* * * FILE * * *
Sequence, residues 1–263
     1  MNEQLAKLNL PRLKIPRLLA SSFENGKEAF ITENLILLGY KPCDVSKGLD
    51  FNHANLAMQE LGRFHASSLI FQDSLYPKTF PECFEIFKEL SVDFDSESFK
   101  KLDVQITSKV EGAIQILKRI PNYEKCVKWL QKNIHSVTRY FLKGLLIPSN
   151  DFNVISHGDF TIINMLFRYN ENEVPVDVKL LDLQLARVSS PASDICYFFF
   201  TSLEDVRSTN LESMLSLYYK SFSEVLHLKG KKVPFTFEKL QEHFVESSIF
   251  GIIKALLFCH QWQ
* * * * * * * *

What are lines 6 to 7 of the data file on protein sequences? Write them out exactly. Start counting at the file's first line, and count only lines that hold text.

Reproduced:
   201  TSLEDVRSTN LESMLSLYYK SFSEVLHLKG KKVPFTFEKL QEHFVESSIF
   251  GIIKALLFCH QWQ